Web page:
So little time; so much procrastination.
If there’s anything worse for a terminal procrastinator than a project with a deadline so far in the future it’s barely visible, let alone not looming, it’s a project with no real deadline at all. Such is the shoulder season’s Dead Zone, that interminable time between late October and opening day of ski season.
The Dead Zone is a time for which coping mechanisms were created. If I could remember what they were, I could cope. But coping this year is about as easy as bringing an Olympics-related project in on budget.
Part of the difficulty of just waiting around for snow is remembering the kickass start to last season. You may remember last season… then again, you may have just rolled into town and only heard of last season. Whatever you may have heard, or think you may remember, we were not skiing waist-deep powder on Remembrance Day. It was the next day, you substance-addled optimist.
Coping is also harder than usual this year because this is allegedly a La Niña year. For those of you not entirely fluent in the language enjoyed south of south of the border, La Niña roughly translates into “the Niña”. You’re welcome. La Niña is the tarted-up kid sister to El Niño, who enjoyed some popularity on the pro wrestling circuit several years ago as a grotesque, masked villain, the kind of guy who favours sneaking up behind the golden-locked Good Guy and smacking him over the head with an ever-handy folding chair. But, in the best spirit of the Dead Zone, I digress.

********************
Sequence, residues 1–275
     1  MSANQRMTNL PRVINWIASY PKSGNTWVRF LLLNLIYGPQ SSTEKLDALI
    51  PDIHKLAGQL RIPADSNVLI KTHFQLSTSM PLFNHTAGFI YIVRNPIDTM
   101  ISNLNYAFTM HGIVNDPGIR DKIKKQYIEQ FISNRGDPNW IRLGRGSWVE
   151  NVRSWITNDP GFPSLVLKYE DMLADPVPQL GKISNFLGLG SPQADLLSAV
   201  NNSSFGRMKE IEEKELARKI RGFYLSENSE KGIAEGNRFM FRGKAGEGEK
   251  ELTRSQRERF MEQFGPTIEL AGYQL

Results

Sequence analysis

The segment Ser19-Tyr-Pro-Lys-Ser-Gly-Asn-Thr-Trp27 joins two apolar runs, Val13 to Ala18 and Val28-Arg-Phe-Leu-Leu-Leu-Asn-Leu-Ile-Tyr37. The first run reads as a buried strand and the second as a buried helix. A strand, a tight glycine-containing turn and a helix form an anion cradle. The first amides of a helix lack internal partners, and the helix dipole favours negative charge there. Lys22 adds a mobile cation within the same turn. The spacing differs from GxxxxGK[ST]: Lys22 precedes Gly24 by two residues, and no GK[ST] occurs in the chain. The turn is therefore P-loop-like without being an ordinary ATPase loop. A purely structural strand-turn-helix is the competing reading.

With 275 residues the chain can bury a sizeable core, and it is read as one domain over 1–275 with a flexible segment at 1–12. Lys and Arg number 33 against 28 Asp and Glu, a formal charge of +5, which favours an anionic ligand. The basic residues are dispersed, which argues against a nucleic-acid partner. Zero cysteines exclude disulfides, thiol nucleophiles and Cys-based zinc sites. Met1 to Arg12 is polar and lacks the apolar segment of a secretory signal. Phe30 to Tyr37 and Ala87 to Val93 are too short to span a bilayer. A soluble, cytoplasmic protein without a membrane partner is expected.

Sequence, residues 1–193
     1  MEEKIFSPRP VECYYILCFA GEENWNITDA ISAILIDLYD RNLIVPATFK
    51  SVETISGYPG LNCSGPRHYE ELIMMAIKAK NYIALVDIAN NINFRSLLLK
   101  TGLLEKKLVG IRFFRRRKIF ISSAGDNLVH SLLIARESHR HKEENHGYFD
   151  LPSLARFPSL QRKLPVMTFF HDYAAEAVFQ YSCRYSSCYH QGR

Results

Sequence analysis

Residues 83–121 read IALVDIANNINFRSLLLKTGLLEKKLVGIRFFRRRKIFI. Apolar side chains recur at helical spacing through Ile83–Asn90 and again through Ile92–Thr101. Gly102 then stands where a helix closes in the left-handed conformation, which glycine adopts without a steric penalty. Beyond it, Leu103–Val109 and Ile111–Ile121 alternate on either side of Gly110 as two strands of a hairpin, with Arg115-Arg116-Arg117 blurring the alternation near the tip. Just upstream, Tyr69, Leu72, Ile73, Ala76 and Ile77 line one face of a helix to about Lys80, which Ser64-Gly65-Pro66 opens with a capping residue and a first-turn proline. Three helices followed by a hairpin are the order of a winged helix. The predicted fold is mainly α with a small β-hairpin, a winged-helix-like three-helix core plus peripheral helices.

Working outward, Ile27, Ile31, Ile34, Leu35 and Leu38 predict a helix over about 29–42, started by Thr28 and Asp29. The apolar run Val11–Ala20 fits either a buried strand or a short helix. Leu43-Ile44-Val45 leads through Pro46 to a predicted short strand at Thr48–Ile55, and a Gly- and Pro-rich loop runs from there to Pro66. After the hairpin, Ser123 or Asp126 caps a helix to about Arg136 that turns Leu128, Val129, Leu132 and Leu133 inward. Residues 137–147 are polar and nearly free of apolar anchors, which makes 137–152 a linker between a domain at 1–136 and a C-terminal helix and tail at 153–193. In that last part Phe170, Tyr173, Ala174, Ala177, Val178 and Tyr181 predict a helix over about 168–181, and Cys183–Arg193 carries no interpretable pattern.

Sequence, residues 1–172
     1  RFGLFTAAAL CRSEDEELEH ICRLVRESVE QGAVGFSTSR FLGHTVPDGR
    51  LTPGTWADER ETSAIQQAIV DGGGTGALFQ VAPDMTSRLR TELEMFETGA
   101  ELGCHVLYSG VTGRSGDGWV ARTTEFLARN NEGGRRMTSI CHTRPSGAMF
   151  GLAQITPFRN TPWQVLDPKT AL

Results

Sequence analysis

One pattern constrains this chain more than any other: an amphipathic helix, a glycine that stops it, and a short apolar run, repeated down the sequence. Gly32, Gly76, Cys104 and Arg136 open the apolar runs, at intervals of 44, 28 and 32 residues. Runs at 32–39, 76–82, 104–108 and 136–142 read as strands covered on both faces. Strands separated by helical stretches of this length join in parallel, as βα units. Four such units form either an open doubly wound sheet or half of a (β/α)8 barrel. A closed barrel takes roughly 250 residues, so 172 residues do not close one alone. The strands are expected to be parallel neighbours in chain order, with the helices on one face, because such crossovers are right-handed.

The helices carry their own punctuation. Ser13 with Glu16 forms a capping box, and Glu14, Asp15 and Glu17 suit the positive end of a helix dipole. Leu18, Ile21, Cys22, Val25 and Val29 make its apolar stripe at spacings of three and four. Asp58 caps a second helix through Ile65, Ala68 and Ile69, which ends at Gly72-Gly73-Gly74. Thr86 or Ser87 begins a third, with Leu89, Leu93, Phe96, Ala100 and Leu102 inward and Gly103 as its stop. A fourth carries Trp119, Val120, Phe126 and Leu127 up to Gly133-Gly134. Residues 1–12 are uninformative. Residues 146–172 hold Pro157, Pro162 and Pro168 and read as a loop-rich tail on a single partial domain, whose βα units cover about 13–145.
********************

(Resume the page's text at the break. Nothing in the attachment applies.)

La Niña generally bodes well for Whistler’s snowsliders. Except when she doesn’t. During one recent appearance, the kind-hearted, Earth Mother incarnation of La Niña brought so much snow with her that many features on Whistler and Blackcomb were distorted beyond recognition. Formerly steep slopes were transformed into advanced bunny hills because so much snow had built up at their bases. If memory serves, it was the year several tourists became lost and had to be rescued when they were silly or cheap enough to show up on ancient, straight, skinny skis and sank into powder so bottomless they couldn’t make their way back to the surface.
Of course, that was just before global warming was invented. That’s not entirely accurate. Technically, global warming had been invented by then… but the origins of it were still unclear. One group, the scientists — at least those not on the payroll of oil or coal companies — believed man’s never-ending quest for bigger SUVs and self-storage units was, if not the culprit, certainly more than a bit player. In the other camp we had the Saint Reagan, Ralph Klein theories of how, respectively, trees and dinosaur farts were largely responsible. Oh, you may laugh at such follies now — come to think of it, many of us laughed at the time — but you have to bear in mind we’re talking about the then leaders of the free world and Alberta, both of whom, in their own ways, had a lot more sway over what happened than all the scientists in existence.